Indie Prize Spotlight: Accessibility brings success to Alluris studio 562 Interactive

We chat with Preston Weiler of 562 Interactive, which recently won the Best in Show Audience award for Alluris at GameDaily Connect USA 2019.

562 Interactive, developers of Alluris, a game of Dungeons & Dragons-like storytelling by way of Tinder’s swiping mechanic, was honored with Indie Prize’s Best in Show: Audience Choice Award back in August at GameDaily Connect USA. It was a powerful moment for the studio and their work in pushing games to be more accessible with the award-winning title.

The Los Angeles-based studio, founded by three brothers, were naturally excited about their win, but they felt another strong emotion. “It was a tremendous amount of validation that what we're doing with Alluris is resonating with an audience,” said Preston Weiler of 562 Interactive.

That validation was especially meaningful to the developer, as the team was working on something personally important with the project: promoting accessibility in design. “It also gives us a larger platform to reach disabled gamers, which is really what inspired us to work on this project, originally.”

“Early on, we knew we wanted to create a game that anyone could play,” Weiler continued. “It meant that everything we added had to be as accessible as possible. It forced us to think about how we made games differently, more inclusively. The result was that Alluris is our most accessible, and most focused game to date.”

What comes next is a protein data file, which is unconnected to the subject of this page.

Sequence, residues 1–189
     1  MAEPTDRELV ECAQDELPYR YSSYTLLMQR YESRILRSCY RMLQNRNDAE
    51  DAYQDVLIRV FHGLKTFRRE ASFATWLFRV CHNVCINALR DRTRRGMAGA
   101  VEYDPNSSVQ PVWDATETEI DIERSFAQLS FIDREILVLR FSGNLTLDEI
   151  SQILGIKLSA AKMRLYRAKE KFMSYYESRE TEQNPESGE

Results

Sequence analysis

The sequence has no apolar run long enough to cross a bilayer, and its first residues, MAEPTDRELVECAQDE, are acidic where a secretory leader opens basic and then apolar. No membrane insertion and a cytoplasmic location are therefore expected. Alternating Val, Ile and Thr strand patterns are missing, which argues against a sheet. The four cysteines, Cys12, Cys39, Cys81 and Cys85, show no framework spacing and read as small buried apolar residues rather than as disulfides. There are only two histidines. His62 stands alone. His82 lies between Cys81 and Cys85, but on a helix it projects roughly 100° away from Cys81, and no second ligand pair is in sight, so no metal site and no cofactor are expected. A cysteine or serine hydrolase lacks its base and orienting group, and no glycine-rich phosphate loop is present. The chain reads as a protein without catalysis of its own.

Accessibility had been important to the team from the beginning, forming the backbone of the creation of Alluris. It’s why the game used a swipe control scheme to navigate an array of sweeping fantasy stories, daring adventures, and ridiculous events, allowing players with limited mobility to play with a simple gesture.

This need for accessibility was something the developer noted in their own lives and friendships. “[Me] and the rest of the devs were hopping on to play with a bunch of our friends, and one of our friends said to us that he couldn’t play that night, and we kinda all knew that that was because of a muscle disorder that he deals with. He’s a disabled gamer," Weiler said in an interview with TechRaptor. "So, realizing that his favorite hobby was stolen from him, and that’s probably the case with so many other people, we knew that we had to do something to try to make a game that was accessible to those people.”